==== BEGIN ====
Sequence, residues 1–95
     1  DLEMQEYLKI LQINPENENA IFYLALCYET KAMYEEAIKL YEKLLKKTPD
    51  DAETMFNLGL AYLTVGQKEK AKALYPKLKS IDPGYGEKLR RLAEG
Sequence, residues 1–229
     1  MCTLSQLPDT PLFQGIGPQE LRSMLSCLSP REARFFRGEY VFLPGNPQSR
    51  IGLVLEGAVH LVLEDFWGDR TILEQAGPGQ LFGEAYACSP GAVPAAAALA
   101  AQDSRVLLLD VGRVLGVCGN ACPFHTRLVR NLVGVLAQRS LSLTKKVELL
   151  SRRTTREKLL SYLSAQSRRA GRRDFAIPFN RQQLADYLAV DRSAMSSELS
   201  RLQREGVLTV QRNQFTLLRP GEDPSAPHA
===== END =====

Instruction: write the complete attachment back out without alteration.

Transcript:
Sequence, residues 1–95
     1  DLEMQEYLKI LQINPENENA IFYLALCYET KAMYEEAIKL YEKLLKKTPD
    51  DAETMFNLGL AYLTVGQKEK AKALYPKLKS IDPGYGEKLR RLAEG
Sequence, residues 1–229
     1  MCTLSQLPDT PLFQGIGPQE LRSMLSCLSP REARFFRGEY VFLPGNPQSR
    51  IGLVLEGAVH LVLEDFWGDR TILEQAGPGQ LFGEAYACSP GAVPAAAALA
   101  AQDSRVLLLD VGRVLGVCGN ACPFHTRLVR NLVGVLAQRS LSLTKKVELL
   151  SRRTTREKLL SYLSAQSRRA GRRDFAIPFN RQQLADYLAV DRSAMSSELS
   201  RLQREGVLTV QRNQFTLLRP GEDPSAPHA